Data Quality Assurance

A preliminary phase was conducted to assess the validity and reliability of the questionnaire before its use. Initially, three Ethiopian experts in the field of epidemiology and research in Ethiopian universities were asked to assess the degree to which items in the questionnaires were relevant and can correctly measure predictors of COVID-19 prevention practice using the Health Belief Model, and a correction was made accordingly. Then, the questionnaire was pretested on 30 participants who were excluded later from the study sample. Data were used to assess internal consistency reliability using Cronbach’s alpha. The results showed adequate internal consistency reliability (with Cronbach’s alpha= 0.915 or perceived susceptibility, 0.773 for perceived severity, 0.954 for the perceived benefit, 0.869 for the perceived barrier, 0.806 for cues to action, and 0.986for self-efficacy questions).

Ethics Approval and Consent to Participants

Approval and ethical clearance was obtained from the Institution Review Board (IRB) of Universal Medical and Business College (UMBC) which was in accordance with the principles embodied in the Declaration of Helsinki. Official permission was also obtained from the principals of the four selected organizations before approaching the study participants. The objective and purpose of the study was clearly explained to the study subjects to obtain written informed consent before data collection. Participants were also informed that they can discontinue or decline to participate in the study at any time. Confidentiality of the information was maintained and the data were recorded anonymously throughout the study.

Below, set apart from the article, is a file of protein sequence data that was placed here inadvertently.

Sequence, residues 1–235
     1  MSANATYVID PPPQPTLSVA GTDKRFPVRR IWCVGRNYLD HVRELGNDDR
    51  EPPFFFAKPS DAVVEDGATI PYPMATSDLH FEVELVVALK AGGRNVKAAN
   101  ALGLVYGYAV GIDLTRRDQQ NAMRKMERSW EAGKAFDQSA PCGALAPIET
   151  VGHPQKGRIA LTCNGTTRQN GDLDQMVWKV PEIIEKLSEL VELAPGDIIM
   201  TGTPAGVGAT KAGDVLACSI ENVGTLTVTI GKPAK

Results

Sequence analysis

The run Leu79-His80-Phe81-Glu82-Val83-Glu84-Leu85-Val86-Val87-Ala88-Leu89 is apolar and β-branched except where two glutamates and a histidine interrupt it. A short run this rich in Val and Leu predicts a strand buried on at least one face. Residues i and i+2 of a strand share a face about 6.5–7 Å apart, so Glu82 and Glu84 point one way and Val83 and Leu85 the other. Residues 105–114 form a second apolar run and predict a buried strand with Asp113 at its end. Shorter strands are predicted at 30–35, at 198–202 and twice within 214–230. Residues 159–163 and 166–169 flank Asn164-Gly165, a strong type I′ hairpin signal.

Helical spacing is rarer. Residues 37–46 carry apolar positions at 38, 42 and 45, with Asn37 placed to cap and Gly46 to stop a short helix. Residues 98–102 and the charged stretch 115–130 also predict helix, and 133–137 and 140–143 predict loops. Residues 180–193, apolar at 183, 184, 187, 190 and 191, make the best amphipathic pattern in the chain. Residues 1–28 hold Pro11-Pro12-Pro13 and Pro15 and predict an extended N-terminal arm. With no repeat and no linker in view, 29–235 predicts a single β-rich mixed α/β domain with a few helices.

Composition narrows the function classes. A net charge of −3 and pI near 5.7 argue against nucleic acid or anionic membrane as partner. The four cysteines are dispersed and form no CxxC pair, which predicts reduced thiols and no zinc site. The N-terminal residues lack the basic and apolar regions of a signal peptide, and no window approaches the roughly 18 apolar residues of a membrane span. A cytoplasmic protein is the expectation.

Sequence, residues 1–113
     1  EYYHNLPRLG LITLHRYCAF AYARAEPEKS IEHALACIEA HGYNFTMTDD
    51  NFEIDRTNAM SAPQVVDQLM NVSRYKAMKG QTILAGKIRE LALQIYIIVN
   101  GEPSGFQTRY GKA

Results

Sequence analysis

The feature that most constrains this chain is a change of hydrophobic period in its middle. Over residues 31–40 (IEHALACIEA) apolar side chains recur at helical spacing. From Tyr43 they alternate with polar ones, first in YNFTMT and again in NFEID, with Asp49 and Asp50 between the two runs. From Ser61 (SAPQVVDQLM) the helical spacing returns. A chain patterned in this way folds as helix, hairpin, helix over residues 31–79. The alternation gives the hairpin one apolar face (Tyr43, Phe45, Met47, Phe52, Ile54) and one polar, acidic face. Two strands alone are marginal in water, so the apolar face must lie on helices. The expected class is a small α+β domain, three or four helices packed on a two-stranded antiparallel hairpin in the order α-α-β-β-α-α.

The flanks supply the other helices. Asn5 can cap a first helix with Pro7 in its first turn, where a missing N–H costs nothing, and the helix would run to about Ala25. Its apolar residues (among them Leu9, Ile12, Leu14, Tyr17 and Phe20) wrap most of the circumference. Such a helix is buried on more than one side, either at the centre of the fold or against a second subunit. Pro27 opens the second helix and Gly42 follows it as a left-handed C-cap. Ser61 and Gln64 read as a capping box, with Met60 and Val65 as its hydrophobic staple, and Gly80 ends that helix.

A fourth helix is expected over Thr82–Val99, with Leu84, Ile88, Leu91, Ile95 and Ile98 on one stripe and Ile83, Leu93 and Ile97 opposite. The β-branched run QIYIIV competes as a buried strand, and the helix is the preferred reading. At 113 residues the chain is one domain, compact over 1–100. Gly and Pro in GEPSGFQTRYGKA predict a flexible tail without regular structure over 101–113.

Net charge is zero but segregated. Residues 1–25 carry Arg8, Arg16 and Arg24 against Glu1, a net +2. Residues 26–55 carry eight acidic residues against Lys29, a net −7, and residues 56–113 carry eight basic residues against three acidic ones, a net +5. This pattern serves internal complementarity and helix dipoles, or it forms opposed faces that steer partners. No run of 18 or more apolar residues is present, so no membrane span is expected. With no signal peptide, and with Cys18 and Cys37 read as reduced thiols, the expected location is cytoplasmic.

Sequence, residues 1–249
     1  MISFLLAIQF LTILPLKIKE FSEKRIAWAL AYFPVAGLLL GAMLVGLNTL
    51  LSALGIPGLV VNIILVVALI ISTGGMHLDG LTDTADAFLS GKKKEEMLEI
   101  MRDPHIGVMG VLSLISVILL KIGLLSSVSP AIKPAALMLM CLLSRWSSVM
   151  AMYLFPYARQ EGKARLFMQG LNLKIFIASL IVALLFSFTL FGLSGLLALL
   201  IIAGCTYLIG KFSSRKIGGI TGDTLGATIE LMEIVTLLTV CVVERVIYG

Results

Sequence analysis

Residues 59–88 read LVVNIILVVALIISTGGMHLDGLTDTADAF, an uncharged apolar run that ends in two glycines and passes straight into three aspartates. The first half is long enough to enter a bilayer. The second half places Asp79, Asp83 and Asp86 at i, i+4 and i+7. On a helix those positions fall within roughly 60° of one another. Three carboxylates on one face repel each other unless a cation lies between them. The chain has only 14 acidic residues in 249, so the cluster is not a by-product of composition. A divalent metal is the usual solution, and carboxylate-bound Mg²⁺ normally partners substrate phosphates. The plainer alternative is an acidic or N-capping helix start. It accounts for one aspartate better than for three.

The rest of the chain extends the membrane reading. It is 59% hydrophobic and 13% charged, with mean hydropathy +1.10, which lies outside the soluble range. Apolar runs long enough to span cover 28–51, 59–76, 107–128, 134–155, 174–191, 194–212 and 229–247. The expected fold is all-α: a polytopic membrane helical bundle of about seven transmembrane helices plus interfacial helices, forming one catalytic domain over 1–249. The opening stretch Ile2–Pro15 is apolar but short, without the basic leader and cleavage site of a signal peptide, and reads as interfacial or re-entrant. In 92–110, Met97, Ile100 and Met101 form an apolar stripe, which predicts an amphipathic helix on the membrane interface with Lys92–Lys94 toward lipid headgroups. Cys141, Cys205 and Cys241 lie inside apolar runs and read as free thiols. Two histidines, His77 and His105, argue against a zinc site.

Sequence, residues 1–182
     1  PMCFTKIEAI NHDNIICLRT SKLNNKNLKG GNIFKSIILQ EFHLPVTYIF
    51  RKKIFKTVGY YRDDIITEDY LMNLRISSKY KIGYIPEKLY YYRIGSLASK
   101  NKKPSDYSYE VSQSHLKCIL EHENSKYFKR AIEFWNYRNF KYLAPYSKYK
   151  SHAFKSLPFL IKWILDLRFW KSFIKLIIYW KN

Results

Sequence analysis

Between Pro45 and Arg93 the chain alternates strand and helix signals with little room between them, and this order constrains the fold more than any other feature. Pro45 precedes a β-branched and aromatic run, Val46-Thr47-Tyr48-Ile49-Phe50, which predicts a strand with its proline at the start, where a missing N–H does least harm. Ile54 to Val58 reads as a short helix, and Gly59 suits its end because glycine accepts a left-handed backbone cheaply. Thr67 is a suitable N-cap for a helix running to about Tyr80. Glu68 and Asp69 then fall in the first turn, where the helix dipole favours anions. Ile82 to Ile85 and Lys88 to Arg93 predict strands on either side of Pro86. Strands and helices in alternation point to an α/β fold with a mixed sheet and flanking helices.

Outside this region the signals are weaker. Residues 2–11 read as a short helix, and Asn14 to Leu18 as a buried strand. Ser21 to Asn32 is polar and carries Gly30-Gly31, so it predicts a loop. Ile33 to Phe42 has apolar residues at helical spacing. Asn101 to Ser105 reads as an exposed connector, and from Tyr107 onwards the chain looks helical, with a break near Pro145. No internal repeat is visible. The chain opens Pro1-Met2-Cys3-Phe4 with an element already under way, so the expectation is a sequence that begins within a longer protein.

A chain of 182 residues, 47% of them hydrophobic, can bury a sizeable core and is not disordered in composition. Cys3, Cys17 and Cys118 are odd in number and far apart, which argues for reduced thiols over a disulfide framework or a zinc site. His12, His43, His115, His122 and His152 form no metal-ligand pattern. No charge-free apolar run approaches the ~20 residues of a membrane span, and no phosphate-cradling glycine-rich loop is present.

Operational Definition and Its Measurements

Knowledge of COVID-19: knowledge of COVID-19 was measured using 12 questions. Each correct response was scored 1, and each incorrect response was scored 0. A total score of ≥9 (≥80%) out of 12 was considered as having good knowledge whereas a score <9 (<80%) was considered as poor knowledge towards COVID-19 and its prevention.

COVID-19 prevention practices: Practice of COVID-19 prevention was measured using eleven questions. Each correct response in the practice category was scored 1, and each incorrect response was scored 0. A total score of ≥8 (≥80%) out of eleven was considered as having good practice whereas a score <8 (<80%) was considered as having a poor practice of COVID-19 prevention.10

Perceived susceptibility: one’s belief regarding the chance of getting COVID-19. Respondents will be asked eight7 questions (eg I am not afraid of getting Coronavirus infection) to describe their level of agreement in a five-scale response format from “strongly disagree” to “strongly agree”. The 5-point Likert scale response options, scored from 1 to 5, were strongly disagree, disagree, neutral, agree, and strongly agree. Subscale scores were obtained by summing item scores and dividing by the total number of items. If it is above or equal to the average score, it was indicative of high perceived susceptibility.11

Perceived severity: one’s belief of how serious COVID-19 and its squeal are. Respondents were asked six6 questions (eg Becoming Corona virus-infected is the worst thing that could happen to me) to describe their level of agreement in a five scale response format from “strongly disagree” to “strongly agree”. The 5-point Likert scale response options, scored from 1 to 5, were strongly disagree, disagree, neutral, agree, and strongly agree. Subscale scores were obtained by summing item scores and dividing by the total number of items. If it is above or equal to the average score, it was indicative of high perceived severity.12